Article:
So for those who’ve not had a “coming out” experience it may seem, from all the talk and Glee type hype, that coming out is a one-time event with two possible outcomes. The story seems to go something like this: First we inwardly acknowledge who we are then we announce to the world, rainbow gymnastic ribbons a’flyin’, who we are. We are either warmly embraced by our friends and family or we suffer an Exorcist-like intervention to try and cure us from our “sickness”. After that point it is either all Pride parades and glitter bombs or a tortured life of angst and repression. Yeah, I’ve read the propaganda too. But as it turns out, it is not as simple as all that. Though those experiences do exist, there are many more nuanced layers to this trifle we call life.
For some we always know who we are and either embrace it from the get-go or struggle mightily and slowly come to terms with who God has created us to be. Maybe we fight against it, desperately seeking to be loved by our families while accepting that we may never love or even like the inner pulsating glow of who we are. For some it may be a coming out that happens in concentric circles; an awareness that dawns slowly, sometimes over decades, or a complete unawareness until a cosmic frying pan smacks you upside the head with the rush of the first crush on a glowing creature of your same gender. How we welcome people into this awareness varies as much as Lady Gaga costumes. And yes, some folks do have that take-the-field, banner busting moment and just rush on out of the closet – pom-poms a shakin’. Many others take things much slower; first allowing an inner core of friends to know us then to open up, like a gardenia on a sultry summer day, eventually revealing to more and more people who we are.
More often than not I have encountered folks who come out over an over again, in degrees, vacillating between reticence and confidence within each sphere of their lives.
For some, like my own partner – it remains a safely guarded secret in her professional life, where only a select few are permitted access while our home and community life is lived openly. A life lived bifurcated that flourishes at home with love and wholeness yet in her work setting, even where she has worked for 17 years, there is not a single picture of the whole family her desk. Conversations at work that include references to one’s spouse are guarded and whispered if they happen at all.
And me? I mean I am out there – gay as the day is long and life is short, but still…I have a new job, a wonderful new job, where I have been “settling in” for just over a month now – and I have chosen to play the pronoun game (as Laura calls it). My new professional home is about as open and affirming as a place of work can be and there are out LGBT folks in nearly every department. Still, I have taken things slowly, not yet naming my partner or even speaking in gendered pronouns. I skirt the issue saying things like “my other half” and “the bossy pants at home” (sorry hon) and a lot of innocuous “we” and “us” without making clear who we are. Now sure, I imagine that most folks in my department, my little office, have long since figured it out. I mean damn, my Facebook activity just reeks of big ole gay Christian love right? I have felt what so many folks have told me they feel; I want to be taken as my professional, thinking, creative, team-playing, Protestant work ethic self first. As it turns out, once we tell people the little fact that we are gay or lesbian that often becomes the first thing about us, the central thing. We become the “lesbian police officer” or the “gay writer” or the “transgender pastor” rather than just officer, writer or pastor. So I, Ms. Coming Out Christian, have not even put so much as a family photo on my own desk.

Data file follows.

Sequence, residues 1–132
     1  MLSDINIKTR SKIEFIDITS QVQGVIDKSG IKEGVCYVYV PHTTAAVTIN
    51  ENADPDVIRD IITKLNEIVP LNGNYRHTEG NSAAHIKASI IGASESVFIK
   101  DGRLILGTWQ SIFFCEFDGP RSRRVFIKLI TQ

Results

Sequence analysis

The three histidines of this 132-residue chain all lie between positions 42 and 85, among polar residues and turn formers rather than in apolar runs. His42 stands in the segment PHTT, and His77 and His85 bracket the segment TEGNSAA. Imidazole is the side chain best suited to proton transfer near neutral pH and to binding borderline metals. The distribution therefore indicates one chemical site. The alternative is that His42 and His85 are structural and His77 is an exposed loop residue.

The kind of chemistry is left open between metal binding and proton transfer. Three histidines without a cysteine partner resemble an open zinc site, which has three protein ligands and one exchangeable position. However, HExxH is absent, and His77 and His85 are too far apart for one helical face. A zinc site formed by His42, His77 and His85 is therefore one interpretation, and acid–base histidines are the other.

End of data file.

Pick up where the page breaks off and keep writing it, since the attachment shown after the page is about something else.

And you know what? All of these ways, and a myriad of other ways, of coming out are right. What is never right is outing another person without their permission or against their will. And it is never ok to use fear and ignorance all tangled up with proof-texted religion to abuse someone as they figure out how to live into who their Creator has made them to be.
But today, National Coming Out Day, just a couple of days before Pride in Atlanta, I am placing my favorite family snapshot on my desk. I’m not going to tie a rainbow balloon to the frame or march it into the office making a scene like Baton Bob. I am simply going to take it out of my bag, place in on my desk and then go grab a cup coffee. It is such a simple thing really. How many of my non-gay friends have not even considered the significance of your unquestionable freedom to do things as simple as tack up a photo of your last camping trip on your scratchy cubical wall? But there it is – the little, seemingly insignificant things that actually matter a great deal.
So, all that said, I’d like to lift up a prayer for people young and not so young who will be coming out today – and every day.
God of male and female,
of gay and non-gay,
of bisexual and transgender souls
remind us that you are the maker of us all.
Open our minds
that we may invite and be invited
Open our ears
that we may hear the cries of those who suffer,
Open our mouths
that we may offer solace
Open our hearts
that we may enter and feast at your table.
Save us from believing
the lie that we are unloved by you.
Grant us courage
to be who you have, in your own image, created us to be
And make us a light in the world,
that all your people may experience and embody your mercy.